15. I'm surprised about the line out the door too. I haven't been there since the beginning, but after trying a slice of pizza and a sub, I thought they weren't going to last. I haven't been back since. (Not sure if you want a separate thread for Bronx Pizza or to move this to Dining in Clarendon)
  16. We ended up here after the close of the Democratic Convention Thursday because we wanted a bunch of food and drinks, and there weren't that many spots still serving those things after 1 am. We were able to roll in here with 20+ people, order drinks (cocktails are $5, and they have the extensive faux-tiki drink menu that I love at older Chinese restaurants) and a ton of food. It's not the best Chinese food I've ever had, but it was quite solid, and I'd even rate the pork dumplings and fried chicken wings higher than that. And it may have saved our lives, so I'll add another star for that. Full food menu until 3 am.
  17. Anyone been to Selam on 15th and U Street? May 11, 2007 - "Selam is Getting into the Groove" by Fritz Hahn on washingtonpost.com
  18. Tried Sushi Seki based on proximity to the show we were going to (Allegiance, starring George Takei about the Japanese American experience during WWII) and the desire to try some of NYC's reputed best sushi. They have seatings as late as 11:00 for dining so had my dining partners not wanted this, I would have been able to go on my own after the show. The other three in my party got the pre-theatre menu which they all enjoyed, but also needed to get some extra sushi to supplement in order to be filled. The omakase sushi selection came with 16 pieces brought out in groups of four, plus one hand roll. All the varieties were tasty, but this is by no means traditional sushi. It is more along the lines of creative sushi with garnishes such as jalapeno, tomato, and tempura. There is not a diversity of fish, more diversity of preparation. Chu toro made multiple appearances as did salmon and hamachi. Everything was very fresh, highlight was probably the uni which was like butter. Low was probably the closing hand roll which was a spicy scallop. I really detest the use of spiciness in sushi as it masks the taste of the fresh fish which is what I really want to taste, and putting the spice on a scallop which should highlight the sweetness of the scallop is disappointing. Impressive about the handroll was how quickly they got it to the table after being made because the nori was perfectly crisp. At $130 for 16 pieces and and hand roll, I felt it was worth it from the perspective of creativity that went into the creations, but I would much rather spend that $130 at Sushi Taro in DC for their omakase which is in a more traditional style and in addition to the sushi being more diverse, also features additional dishes as part of the omakase. The a la carte menu appears to be pretty reasonable given the high end trappings. Things like edamame are available for what I would expect at any Japanese restaurant. I just had hot tea, but they purport to have an extensive drink menu. Surprising was that it was not very crowded, though we were there very early in the evening with a 5:45 reservation and were out by 7:30.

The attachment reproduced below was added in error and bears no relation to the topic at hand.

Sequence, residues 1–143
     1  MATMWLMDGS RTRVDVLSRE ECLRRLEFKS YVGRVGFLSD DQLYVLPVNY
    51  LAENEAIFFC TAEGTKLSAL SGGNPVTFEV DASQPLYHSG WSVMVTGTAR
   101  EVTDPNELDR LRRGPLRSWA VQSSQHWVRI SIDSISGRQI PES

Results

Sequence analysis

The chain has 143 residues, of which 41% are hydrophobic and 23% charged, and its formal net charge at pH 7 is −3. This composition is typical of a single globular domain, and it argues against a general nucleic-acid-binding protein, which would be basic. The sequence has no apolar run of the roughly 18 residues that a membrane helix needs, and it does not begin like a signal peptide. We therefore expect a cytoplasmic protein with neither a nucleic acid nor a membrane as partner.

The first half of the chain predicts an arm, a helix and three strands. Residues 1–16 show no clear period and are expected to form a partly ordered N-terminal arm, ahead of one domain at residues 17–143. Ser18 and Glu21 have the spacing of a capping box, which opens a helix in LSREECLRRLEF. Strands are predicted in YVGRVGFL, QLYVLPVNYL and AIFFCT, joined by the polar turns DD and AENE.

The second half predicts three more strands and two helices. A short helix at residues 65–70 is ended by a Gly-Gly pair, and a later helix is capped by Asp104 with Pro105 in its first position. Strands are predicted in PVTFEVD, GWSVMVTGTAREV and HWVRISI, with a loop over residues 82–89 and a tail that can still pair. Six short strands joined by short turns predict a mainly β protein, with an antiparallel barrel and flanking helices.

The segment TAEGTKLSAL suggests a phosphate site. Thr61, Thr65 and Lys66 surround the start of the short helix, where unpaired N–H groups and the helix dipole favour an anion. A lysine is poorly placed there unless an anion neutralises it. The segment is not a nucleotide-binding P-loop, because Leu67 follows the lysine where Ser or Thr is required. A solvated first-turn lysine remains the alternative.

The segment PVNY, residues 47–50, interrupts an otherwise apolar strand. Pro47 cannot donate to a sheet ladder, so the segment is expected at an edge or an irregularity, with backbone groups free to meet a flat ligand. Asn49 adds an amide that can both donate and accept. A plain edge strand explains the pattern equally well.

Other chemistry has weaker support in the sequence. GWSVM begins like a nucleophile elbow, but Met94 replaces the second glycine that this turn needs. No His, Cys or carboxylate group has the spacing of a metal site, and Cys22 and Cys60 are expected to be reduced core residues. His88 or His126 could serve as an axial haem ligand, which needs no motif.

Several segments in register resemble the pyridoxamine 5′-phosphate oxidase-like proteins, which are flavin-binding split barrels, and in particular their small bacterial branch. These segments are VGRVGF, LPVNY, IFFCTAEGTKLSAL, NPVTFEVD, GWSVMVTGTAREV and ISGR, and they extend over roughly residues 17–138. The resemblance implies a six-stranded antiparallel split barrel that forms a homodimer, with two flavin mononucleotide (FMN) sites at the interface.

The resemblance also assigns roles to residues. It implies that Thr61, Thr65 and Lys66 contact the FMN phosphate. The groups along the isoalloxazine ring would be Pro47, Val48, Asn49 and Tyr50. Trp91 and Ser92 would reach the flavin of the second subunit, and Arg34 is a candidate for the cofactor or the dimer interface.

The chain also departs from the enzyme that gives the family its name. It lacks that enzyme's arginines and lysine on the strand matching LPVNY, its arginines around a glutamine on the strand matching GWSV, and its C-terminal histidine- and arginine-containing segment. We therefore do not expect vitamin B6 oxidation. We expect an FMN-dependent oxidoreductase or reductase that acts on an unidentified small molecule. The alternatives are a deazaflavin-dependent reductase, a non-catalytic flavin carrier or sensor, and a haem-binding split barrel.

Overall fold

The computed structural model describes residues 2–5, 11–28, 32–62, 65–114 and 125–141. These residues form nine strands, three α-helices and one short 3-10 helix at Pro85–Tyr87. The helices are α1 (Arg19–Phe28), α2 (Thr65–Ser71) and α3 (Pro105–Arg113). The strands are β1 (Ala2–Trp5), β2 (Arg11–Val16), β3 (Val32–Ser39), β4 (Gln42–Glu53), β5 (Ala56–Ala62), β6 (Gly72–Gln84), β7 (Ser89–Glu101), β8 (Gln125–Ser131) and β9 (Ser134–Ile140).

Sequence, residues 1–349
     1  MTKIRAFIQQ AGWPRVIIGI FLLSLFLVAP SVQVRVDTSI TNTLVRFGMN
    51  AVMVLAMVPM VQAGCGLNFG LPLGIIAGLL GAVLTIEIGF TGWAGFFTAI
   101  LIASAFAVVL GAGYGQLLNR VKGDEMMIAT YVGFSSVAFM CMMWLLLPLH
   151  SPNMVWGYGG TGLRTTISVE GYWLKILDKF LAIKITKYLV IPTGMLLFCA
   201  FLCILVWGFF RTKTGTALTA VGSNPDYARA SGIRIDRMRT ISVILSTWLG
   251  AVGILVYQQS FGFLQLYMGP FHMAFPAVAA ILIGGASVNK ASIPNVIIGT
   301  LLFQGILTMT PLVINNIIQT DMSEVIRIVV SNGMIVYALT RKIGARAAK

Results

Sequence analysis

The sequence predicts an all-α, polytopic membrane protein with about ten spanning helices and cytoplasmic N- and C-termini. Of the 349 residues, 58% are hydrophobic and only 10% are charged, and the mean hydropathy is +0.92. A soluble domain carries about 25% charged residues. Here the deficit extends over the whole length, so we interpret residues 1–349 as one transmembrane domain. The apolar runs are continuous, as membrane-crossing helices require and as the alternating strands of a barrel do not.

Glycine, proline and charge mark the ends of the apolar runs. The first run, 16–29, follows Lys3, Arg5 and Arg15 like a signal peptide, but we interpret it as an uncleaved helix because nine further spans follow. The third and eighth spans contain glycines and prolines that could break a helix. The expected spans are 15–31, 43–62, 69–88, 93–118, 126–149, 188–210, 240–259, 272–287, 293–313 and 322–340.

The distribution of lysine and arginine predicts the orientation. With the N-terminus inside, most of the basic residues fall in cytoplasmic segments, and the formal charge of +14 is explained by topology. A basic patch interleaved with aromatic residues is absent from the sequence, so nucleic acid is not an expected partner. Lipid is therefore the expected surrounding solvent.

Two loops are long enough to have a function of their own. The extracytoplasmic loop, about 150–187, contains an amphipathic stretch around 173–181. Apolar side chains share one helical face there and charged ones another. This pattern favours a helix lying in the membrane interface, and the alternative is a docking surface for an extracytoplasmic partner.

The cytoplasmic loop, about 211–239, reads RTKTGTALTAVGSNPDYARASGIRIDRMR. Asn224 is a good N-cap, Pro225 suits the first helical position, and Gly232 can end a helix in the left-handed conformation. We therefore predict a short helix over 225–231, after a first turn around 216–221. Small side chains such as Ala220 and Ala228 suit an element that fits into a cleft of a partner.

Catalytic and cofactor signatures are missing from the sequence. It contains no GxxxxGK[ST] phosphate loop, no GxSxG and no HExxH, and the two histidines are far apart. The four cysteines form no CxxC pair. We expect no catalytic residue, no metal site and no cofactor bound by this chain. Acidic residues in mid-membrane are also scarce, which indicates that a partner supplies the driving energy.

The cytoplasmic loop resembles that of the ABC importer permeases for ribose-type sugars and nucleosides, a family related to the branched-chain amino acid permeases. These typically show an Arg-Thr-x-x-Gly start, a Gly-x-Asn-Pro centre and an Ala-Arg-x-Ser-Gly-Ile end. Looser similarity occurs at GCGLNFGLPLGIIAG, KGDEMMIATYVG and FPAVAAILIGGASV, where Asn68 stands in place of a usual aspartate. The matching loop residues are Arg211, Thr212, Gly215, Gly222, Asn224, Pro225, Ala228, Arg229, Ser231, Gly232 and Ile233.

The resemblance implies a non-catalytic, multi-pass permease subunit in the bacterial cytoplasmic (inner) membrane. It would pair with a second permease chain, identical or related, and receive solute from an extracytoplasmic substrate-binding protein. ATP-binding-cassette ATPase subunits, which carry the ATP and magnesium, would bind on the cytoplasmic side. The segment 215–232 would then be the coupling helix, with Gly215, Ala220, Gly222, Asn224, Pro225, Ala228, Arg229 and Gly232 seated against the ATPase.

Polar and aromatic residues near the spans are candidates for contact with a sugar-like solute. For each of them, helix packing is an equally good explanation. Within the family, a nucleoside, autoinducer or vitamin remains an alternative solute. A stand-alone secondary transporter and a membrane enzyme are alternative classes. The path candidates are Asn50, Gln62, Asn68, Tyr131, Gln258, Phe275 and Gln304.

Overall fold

19. Still love this place, with a slight preference to the Northridge location when it sensible to go there instead of the Encino location (we almost always get this as takeout on the way home from somewhere in LA, so the distance difference from the 101 is small but significant, but at late hours only Northridge is available). Though it hasn't been practical to try a back-to-back tasting, the cooks at the original location seem just a little more seasoned, with the spicing and balance just a smidge more deft. Though they have a huge menu, with specific Northern and Southern specialties, we have stuck mostly with our Northern favorites, the khao soy and kang ho (the noodles never stick together, it's loaded with vegetables, and has a distinctively tangy curry flavor). We've also tried several other ordinary noodle dishes and apps (all are fine-good-great, but unmemorable compared to these dishes, though my husband really like the angel wings [stuffed chicken]) and a few of the more interesting plates from the Southern menu (very good), but these dishes are what we crave. They take a lot of care with takeout orders, lining containers with foil, individually packaging all the little spices/sauces, and making air vents to preserve crispness as needed. They were on the LA Weekly's Essentials list of restaurants last year but fell off this year, which might actually be the sweet spot of publicity (they were slammed several times when we stopped by last year, and shortly after publication the FOH folks at least were adorably clueless that they had made the list) for visitors, as they seem to remain busy but you can get your food in a reasonable amount of time. We originally found them while looking for late-night food coming home from Six Flags Magic Mountain (a GREAT roller coaster park, and I'm saying this as a huge Cedar Point fan). It's really at an excellent location if you need good food at odd hours (or any time!) coming back to the city from the north. The Encino location is open until midnight on Friday and Saturday, and Northridge is open until 2 AM on those days for the college kids